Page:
That is the number one question that homeschoolers ask when they first meet, after “Hi, what’s your name?” and “Which of these wild hooligans are yours?” The third rail of American homeschooling is the number one question every homeschooler wants answered. If answered carefully, everything will be fine. Fumble the answer and you might find yourself in an academic mosh pit. Homeschoolers identify themselves by three main categories: secular versus religious, method of instruction (i.e. classroom model, Charlotte Mason, classical, eclectic, unschooler, etc.), and curriculum source. I don’t get myself wrapped around the axel over those identities. In fact, I am so unconcerned that I allowed another homeschooler to pick our math curriculum this year. Now, how cool is that?!
This year was the first year that The Boss and I struggled over our curriculum choices. Well, at least The Boss did. Math is her department. She has the math degree. She’s the person who teaches upper level math in our house. I trust her judgment. We have an unspoken agreement. I don’t question her about math. She doesn’t question me about Shakespeare, either the Riverside or Pelican editions (of which I own both). I supported her efforts while she diligently researched geometry curriculum for General Mayhem by keeping the volume muted while I channel surfed. The Boss narrowed our choices to Jacobs geometry and the new Saxon math geometry book. With reasons to like and dislike each one, we withheld judgment until we could place our hands on an actual copy of Jacobs Geometry (we had already viewed the Saxon book), something we were unable to do while visiting two homeschooling conventions this year.
Enter the world’s greatest blogging partner.
With half an hour remaining at the Schaumberg Homeschooling Convention, we sat down across a table from Linda, our stalwart Alpha Omega sales rep, blogging partner, and new friend, convinced her to stop surfing Twitter, and asked her to talk to us about Alpha Omega’s geometry curriculum. Ten minutes later I heard words that I never thought would escape from The Boss. Flipping through a LIFEPAC geometry book, the woman who once gleefully announced to a crowded convention hall the reason why she hated LIFEPAC materials actually said, “This isn’t bad. Not bad at all. I kinda like this.” When she discovered that the box set of LIFEPAC geometry only cost $62.95, half the cost of Saxon’s $116.00 geometry set and a third of the cost of Jacobs $178.85 curriculum set, we knew we had a strong contender. We decided to return home, make a decision the following week, and purchase our choice. I knew we were leaning strongly towards LIFEPAC. Our only concern was whether or not we could get Alpha Omega to give Linda credit for the sale if we called the order in a few days later.Thirty minutes after we sat down the convention ended. We started helping Linda pack up her display, something we had decided to do in advance. The only thing standing between us and fine dining at a Portillo’s Hot Dog Stand was this task. Shortly before we finished, Linda made a phone call and then informed us that Alpha Omega was shipping us a complete LIFEPAC geometry set. Gratis. Either we were really entertaining company, or she genuinely appreciated our help with the breakdown. Or she was hungry. But that’s exactly how we let another homeschooler pick our geometry curriculum for this year.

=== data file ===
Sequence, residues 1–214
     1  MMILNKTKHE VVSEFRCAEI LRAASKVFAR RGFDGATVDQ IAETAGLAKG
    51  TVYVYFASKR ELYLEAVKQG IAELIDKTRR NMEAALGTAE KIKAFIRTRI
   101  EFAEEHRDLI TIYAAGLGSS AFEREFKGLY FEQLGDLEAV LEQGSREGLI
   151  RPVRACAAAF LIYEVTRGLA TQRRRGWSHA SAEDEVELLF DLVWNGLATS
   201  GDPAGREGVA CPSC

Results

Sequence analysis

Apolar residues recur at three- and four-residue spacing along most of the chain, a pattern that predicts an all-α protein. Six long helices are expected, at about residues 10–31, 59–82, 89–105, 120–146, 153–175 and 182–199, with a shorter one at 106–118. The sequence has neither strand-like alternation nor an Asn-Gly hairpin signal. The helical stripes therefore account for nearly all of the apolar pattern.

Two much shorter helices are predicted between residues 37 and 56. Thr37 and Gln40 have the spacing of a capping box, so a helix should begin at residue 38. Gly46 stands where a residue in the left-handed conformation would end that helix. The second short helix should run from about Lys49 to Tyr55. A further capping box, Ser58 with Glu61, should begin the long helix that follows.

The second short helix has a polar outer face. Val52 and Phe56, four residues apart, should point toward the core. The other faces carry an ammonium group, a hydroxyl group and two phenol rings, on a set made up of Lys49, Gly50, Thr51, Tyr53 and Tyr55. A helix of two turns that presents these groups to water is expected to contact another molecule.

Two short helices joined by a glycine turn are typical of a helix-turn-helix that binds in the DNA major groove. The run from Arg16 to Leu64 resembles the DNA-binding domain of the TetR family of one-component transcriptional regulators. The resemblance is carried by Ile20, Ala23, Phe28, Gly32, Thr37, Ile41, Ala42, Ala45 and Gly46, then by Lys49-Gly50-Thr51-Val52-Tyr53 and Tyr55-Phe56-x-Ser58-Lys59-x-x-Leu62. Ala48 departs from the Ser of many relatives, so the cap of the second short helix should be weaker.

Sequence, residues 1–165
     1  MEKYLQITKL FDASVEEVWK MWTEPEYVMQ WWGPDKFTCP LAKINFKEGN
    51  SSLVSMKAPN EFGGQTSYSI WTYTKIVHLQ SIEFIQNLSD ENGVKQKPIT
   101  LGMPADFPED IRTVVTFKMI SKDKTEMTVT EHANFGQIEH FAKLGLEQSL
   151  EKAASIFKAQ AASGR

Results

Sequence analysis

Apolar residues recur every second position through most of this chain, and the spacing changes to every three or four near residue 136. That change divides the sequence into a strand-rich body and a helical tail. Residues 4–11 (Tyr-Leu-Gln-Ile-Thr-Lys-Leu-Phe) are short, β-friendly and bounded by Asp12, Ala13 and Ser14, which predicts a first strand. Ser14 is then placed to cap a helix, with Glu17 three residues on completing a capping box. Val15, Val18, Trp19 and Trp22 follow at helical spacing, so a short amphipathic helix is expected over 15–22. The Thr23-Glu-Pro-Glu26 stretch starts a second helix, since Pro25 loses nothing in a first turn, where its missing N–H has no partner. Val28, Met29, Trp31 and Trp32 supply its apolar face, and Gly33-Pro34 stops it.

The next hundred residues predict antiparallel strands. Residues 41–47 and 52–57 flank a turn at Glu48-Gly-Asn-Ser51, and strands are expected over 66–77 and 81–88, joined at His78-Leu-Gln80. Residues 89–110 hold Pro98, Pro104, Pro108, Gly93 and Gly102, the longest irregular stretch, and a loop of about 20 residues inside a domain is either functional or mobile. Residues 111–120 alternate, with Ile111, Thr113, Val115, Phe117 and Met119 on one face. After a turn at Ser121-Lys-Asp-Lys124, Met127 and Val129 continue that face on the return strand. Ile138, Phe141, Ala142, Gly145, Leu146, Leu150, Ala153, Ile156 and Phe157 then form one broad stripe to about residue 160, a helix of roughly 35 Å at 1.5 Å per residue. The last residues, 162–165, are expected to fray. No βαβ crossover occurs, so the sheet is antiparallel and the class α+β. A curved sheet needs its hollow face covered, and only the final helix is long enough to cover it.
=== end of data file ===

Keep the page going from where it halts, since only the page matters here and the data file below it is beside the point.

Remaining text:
Both Linda’s and Alpha Omega’s generosity still has my wife and I at a loss for words. We are grateful for this blessing and we thank you both for sending it our way. I will be reviewing this curriculum set during this school year. At first glance we see that the material is competitively priced while offering math instruction that appeals to a mathematician who wants clear, straightforward, rigorous math instruction without tricks, gimmicks, and flashy graphics. I knew Linda’s choice was good when I showed it to the General. “That’s twice as big as the set I used last year!” he complained. When you’re 14, the weight of your curriculum means far more than the content. It must be good.
Now, how cool is that?!